The recurrence-free survival (RFS) was defined as the time between chemotherapy start date and the first event (all-cause death, recurrence of gastric cancer, or occurrence of a second cancer), and the overall survival (OS) was defined as the time between chemotherapy start date and all-cause death. The long-term follow-up data were acquired from the electronic medical record and database maintained by Cancer Registry, Cancer Administration and Coordination Center in our hospital. Patients lost to follow-up were censored. All the adverse events were reported based on the Common Terminology Criteria for Adverse Events, version 4.03.
Basic characteristics, including demographic data, operative methods, tumor classifications , pathological features and staging , and follow-up duration, were recorded and compared between the UFT and S-1 groups. The adjuvant chemotherapy completion rates, sites of the first recurrence, and adverse events were also compared between these two groups. The chi-squared test or Fisher’s exact test was used for qualitative variables as appropriate, and the Student’s t test was used for quantitative variables. We assessed time-to-event endpoint with the Kaplan-Meier method, and estimated the hazard ratio (HR) and its two-sided 95% confidence interval (CI) with the Cox regression model. Multivariate analysis for RFS was performed using Cox proportional hazards model; risk factors significant (p < 0.05) in the univariate analysis (Borrmann type) or considered important (type of chemotherapy, T, and N stages) were included. All statistical tests were two-sided, and a p value < 0.05 denoted statistical significance. All statistical analyses were performed using R version 3.4.0.
From 2005 to 2016, totally 86 gastric cancer patients with pathological stage II-IIIB (AJCC 8th edition) receiving adjuvant UFT or S-1 monotherapy after D2 gastrectomy by two senior surgeons (I.-R. L. and C.-N. C) were included in the study (Fig. 1). The UFT and S-1 groups comprised 37 and 49 patients, respectively, and there was no crossover between these two groups (Fig. 1).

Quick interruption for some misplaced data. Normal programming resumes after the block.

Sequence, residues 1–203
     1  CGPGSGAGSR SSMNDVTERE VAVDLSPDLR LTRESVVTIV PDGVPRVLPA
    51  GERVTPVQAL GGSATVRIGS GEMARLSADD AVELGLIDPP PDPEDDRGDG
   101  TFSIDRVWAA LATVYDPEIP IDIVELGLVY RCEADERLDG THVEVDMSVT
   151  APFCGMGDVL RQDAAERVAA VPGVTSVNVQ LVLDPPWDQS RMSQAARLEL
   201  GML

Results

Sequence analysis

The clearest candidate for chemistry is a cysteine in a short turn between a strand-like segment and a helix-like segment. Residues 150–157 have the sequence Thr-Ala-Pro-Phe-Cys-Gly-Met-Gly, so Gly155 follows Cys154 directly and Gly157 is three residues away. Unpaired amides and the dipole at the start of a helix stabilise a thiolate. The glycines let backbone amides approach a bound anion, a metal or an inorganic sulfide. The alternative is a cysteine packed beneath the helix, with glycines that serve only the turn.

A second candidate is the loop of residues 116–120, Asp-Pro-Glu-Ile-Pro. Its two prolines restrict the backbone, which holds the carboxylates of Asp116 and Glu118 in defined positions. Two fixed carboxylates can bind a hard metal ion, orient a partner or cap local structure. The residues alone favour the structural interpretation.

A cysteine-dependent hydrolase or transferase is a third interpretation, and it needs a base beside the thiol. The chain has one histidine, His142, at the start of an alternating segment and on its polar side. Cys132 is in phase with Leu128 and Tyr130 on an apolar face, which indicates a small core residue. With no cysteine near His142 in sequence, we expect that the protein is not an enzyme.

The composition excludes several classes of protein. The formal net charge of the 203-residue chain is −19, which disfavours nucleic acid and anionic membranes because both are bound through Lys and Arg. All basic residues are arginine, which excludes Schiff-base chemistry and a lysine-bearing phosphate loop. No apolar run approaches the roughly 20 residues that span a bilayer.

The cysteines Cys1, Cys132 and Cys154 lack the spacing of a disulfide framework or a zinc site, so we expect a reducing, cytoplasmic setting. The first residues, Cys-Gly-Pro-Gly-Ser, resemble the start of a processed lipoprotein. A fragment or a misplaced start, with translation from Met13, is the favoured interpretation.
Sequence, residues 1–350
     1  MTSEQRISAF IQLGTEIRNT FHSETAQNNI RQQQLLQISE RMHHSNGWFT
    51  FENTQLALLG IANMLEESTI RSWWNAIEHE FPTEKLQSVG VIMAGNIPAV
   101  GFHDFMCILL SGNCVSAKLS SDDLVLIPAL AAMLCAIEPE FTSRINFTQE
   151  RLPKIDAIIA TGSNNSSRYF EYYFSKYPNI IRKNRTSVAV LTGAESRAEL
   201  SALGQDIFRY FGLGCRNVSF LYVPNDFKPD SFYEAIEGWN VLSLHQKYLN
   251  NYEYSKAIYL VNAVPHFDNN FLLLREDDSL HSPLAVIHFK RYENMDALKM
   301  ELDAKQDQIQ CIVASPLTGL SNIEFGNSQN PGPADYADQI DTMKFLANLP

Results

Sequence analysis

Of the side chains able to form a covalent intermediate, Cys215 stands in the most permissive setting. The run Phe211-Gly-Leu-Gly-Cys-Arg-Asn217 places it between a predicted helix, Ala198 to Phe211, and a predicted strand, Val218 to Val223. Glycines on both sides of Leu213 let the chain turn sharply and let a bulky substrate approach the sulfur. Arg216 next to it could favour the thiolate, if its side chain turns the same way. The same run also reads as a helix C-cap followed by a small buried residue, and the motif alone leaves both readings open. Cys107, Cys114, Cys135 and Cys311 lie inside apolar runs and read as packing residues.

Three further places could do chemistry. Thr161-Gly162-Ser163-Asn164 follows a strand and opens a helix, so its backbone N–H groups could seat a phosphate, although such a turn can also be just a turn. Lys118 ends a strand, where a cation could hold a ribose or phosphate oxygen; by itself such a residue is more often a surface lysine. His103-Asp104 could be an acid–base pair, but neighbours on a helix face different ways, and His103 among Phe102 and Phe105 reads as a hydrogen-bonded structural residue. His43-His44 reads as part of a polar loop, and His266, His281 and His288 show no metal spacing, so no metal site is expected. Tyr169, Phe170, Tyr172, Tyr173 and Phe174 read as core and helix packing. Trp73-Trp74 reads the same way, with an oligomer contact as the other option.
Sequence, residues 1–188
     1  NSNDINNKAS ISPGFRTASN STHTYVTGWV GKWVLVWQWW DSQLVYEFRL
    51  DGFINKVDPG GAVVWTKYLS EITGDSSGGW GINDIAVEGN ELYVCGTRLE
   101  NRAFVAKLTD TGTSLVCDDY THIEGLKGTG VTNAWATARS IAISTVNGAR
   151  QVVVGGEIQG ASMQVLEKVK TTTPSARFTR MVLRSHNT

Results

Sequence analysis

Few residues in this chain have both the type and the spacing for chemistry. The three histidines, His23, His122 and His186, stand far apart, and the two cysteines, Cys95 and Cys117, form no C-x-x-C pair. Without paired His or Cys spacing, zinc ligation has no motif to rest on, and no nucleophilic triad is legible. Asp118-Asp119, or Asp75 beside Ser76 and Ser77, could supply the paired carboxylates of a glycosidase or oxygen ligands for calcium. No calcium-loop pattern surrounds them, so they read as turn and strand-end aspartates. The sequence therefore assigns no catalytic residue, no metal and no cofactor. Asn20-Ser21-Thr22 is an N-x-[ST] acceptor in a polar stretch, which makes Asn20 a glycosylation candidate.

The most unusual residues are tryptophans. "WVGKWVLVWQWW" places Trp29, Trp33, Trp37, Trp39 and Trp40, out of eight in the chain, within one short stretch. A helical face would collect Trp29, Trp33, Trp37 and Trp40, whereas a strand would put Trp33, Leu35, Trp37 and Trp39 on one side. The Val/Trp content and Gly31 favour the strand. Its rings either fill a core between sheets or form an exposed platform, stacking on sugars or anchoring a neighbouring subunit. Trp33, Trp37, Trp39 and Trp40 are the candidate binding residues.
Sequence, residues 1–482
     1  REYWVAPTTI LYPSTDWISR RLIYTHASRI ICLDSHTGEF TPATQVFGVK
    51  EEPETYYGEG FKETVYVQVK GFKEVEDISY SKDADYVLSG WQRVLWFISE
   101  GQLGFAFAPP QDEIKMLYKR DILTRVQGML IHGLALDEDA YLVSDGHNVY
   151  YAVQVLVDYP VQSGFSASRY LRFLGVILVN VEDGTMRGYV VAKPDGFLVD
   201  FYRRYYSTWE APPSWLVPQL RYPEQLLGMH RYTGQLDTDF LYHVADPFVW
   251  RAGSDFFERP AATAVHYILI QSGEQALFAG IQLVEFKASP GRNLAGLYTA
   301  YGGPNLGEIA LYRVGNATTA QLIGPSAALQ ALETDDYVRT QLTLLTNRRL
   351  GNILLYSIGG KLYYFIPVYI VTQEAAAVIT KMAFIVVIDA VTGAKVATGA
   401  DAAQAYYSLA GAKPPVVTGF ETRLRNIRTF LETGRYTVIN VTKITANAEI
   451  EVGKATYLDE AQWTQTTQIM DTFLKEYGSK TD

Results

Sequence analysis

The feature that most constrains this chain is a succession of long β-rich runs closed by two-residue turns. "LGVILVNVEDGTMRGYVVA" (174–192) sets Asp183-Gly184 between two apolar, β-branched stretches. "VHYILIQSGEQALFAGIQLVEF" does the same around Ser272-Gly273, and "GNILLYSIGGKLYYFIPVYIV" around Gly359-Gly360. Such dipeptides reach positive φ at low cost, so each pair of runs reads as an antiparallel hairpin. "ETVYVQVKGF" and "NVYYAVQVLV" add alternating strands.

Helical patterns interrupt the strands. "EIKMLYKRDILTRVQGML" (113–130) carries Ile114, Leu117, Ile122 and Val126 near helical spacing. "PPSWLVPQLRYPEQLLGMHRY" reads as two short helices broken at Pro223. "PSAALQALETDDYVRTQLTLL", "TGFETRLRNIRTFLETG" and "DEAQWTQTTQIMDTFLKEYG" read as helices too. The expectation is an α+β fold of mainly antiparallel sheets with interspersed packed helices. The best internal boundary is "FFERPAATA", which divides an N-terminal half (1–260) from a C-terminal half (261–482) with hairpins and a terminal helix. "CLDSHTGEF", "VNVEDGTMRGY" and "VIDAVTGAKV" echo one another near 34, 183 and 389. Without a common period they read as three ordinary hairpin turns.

Table 1 summarizes the basic characteristics of the UFT and S-1 groups. There was no statistical difference in most variables, including sex ratio, age, operative method, and most tumor characteristics, except for the Bormann type, T stage, and follow-up duration. More Borrmann type III/IV (86.5% versus 67.3%; p = 0.047) and T4 lesions (56.8% versus 10.2%; p < 0.001) were observed in the UFT group than in the S-1 group. The follow-up duration was longer in the UFT group (65.9 ± 36.9 months) than in the S-1 group (43.3 ± 22.6 months; p = 0.001). There were more pathological stage III gastric cancers in the UFT group than in the S-1 group (70.3% versus 55.1%) but with no statistical significance (p = 0.23).
The 5-year RFS rate was 56.1% in the UFT group and 59.6% in the S-1 group (Fig. 2a), and the 5-year OS rate was 78.3% in the UFT group and 73.1% in the S-1 group (Fig. 2b). The hazard ratio for recurrence (or all-cause mortality) and all-cause mortality in the S-1 group as compared with the UFT group was 1.14 (95% CI, 0.56 to 2.30; p value = 0.71) and 1.41 (95% CI, 0.53 to 3.73; p value = 0.48), respectively. The total number of recurrences was comparable between the UFT and S-1 groups (43.2% versus 38.8%; p = 0.68), and similarly, there was no statistical difference in sites of the first recurrence (UFT versus S-1), including local recurrence (10.8% versus 4.1%; p = 0.40), lymph nodes (16.2% versus 8.2%; p = 0.32), peritoneal carcinomatosis (16.2% versus 18.4%; p = 0.79), and hematogenous metastasis (16.2% versus 20.4%; p = 0.62), between these two groups (Supplementary Table 1). After Borrmann type, T, and N stages were adjusted, N stage (N3 versus N1) was the only significant predicting factor for RFS (HR = 2.86, 95% CI = 1.16 to 7.03; p = 0.02) while type of adjuvant chemotherapy (S-1 versus UFT) remained insignificant for RFS (HR = 1.25; 95% CI = 0.53 to 2.94; p = 0.61) (Table 2).